As we have written on this blog before, on May 11, 2011 Georgia reissued its new Restrictive Covenant Act (“New Act”) in order to resolve concerns about the constitutionality and effectiveness of a nearly identical statute that the state’s legislature had previously enacted in 2009. The 2009 version of the statute was contingent on voters’ approval of a ballot referendum to amend the Georgia Constitution, which voters overwhelmingly approved on November 2, 2010. The 2009 statute was clear that it was not retroactive and did not apply to contracts entered into before the purported effective date of the statute (November 3, 2010). Following the same approach, the New Act is also clear that it is not retroactive and does not apply to agreements entered into before May 11, 2011.
Despite the clear inapplicability of the New Act to agreements entered into before May 11, 2011, a question has emerged about whether courts must nonetheless apply Georgia’s current public policy when deciding whether to honor choice of law provisions in agreements that predate the New Act.
We previously reported about the recent decision of a federal district judge in the Northern District of Georgia in Boone v. Correstaff Support Servs., Inc., 2011 WL 2358666 (N.D. Ga. June 9, 2011). In that case, the court held that, when deciding whether to honor a choice of law provision in an agreement with restrictive covenants, a court should look to Georgia’s current public policy rather than the public policy that existed at the time that the agreement was signed. The court has now reversed course and held that it must apply Georgia’s public policy as it existed at the time that the agreement was signed, even though the state’s public policy has now changed. Boone v. Correstaff Support Servs., Inc., 2011 WL 3418382 (N.D. Ga. Aug. 3, 2011).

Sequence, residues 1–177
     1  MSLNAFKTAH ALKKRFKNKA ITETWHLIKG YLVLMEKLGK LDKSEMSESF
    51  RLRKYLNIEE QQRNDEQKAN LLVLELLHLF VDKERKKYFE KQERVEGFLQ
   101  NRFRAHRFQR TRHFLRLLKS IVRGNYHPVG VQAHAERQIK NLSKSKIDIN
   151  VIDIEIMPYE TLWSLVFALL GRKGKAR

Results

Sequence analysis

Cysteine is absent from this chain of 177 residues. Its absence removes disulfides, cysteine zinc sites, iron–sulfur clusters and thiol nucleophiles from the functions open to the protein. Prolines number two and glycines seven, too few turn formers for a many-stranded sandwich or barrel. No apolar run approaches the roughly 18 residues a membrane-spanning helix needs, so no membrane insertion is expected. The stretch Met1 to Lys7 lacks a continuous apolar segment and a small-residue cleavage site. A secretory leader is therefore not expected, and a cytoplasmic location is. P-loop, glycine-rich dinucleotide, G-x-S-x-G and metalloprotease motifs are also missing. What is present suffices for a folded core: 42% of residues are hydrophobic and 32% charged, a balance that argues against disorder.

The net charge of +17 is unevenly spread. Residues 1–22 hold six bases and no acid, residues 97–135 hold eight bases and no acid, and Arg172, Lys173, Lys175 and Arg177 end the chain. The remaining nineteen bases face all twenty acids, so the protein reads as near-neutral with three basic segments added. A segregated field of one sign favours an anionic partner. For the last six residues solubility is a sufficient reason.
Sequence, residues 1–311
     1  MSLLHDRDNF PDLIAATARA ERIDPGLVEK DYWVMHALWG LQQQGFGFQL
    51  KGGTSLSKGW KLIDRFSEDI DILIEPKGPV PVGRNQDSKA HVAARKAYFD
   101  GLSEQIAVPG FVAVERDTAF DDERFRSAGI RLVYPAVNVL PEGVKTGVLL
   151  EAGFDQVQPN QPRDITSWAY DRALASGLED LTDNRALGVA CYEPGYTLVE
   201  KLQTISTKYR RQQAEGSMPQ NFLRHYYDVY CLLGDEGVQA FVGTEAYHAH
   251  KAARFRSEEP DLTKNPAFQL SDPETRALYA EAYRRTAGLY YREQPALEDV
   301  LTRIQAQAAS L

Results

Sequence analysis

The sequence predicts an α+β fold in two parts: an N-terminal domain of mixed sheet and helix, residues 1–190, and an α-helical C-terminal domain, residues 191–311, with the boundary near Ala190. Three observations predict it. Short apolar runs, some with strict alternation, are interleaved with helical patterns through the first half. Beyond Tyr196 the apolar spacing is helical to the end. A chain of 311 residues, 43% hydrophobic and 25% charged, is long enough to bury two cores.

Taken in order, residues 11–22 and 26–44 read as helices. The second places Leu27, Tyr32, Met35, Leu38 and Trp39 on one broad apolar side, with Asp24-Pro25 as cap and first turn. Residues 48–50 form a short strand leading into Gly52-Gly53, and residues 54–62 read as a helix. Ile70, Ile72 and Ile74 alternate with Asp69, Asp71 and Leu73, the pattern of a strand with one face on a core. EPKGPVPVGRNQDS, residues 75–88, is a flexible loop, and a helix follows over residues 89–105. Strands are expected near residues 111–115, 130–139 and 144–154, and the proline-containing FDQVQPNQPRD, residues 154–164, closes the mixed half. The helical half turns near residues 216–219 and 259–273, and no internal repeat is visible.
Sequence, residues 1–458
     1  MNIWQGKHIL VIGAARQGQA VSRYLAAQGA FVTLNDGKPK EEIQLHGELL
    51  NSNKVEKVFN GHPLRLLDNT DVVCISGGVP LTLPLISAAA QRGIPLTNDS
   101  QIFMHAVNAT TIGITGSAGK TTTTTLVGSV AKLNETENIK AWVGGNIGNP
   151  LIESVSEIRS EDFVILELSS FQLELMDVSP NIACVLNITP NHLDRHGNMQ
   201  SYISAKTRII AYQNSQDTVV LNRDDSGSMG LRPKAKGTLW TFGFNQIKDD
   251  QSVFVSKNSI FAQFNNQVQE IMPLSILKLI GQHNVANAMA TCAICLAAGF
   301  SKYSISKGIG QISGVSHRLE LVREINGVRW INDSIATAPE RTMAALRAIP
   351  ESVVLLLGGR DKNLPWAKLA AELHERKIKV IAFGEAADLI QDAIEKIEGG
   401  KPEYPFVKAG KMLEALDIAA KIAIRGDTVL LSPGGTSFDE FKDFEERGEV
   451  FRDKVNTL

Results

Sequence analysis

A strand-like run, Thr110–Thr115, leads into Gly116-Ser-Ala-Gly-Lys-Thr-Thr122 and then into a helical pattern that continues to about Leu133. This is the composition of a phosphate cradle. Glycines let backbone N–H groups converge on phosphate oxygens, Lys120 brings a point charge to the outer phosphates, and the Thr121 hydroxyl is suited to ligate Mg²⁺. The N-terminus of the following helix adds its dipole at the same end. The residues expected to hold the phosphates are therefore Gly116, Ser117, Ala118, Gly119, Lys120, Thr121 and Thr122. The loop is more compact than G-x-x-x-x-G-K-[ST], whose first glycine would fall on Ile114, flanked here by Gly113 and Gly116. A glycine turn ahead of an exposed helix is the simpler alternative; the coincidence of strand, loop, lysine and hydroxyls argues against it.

In the Boone case, a former employee and his current employer sought a declaratory judgment and injunctive relief prohibiting the employee’s former employer from enforcing a non-compete agreement. Although the employee resided in Georgia, the agreement in question contained a Delaware choice-of-law provision. Before the plaintiffs filed their declaratory judgment action in Georgia, the defendants had filed their own lawsuit in Delaware seeking to enforce the agreement. The defendants, therefore, moved the Georgia court to dismiss the declaratory judgment action so that the Delaware could rule on the enforceability of the agreement under Delaware law.
The Georgia federal district court initially granted the defendants’ motion, reasoning that, although Georgia’s public policy at the time the agreement was signed was hostile to restrictive covenants, Georgia’s public policy has now shifted such that Georgia law is no longer inconsistent with Delaware law (which is more lenient toward restrictive covenants than was prior Georgia law). The court thus reasoned that application of Delaware law to the dispute would not violate Georgia’s public policy and that a court in Delaware would be in a better position to apply Delaware law than a court in Georgia.
After the plaintiffs filed a motion for reconsideration, the court reversed its own earlier judgment and denied the motion. In reversing course, the court cited the Georgia Court of Appeals’ recent decision in Bunker Hill Int’l, Ltd. v. Nationsbuilder Ins. Servs., Inc., 710 S.E.2d 662 (Ga. Ct. App. 2011). In that case, the Georgia Court of Appeals had refused to honor an Illinois choice of law provision in a restrictive covenant agreement between a Georgia employee and his former employer. Although the Court of Appeals recognized that Georgia law changed in November 2010 with Georgia voters’ adoption of a constitutional amendment permitting broader enforcement of restrictive covenants, the agreement at issue was entered into in 2008. Thus, the Court of Appeals applied the law that existed in Georgia prior to the constitutional amendment.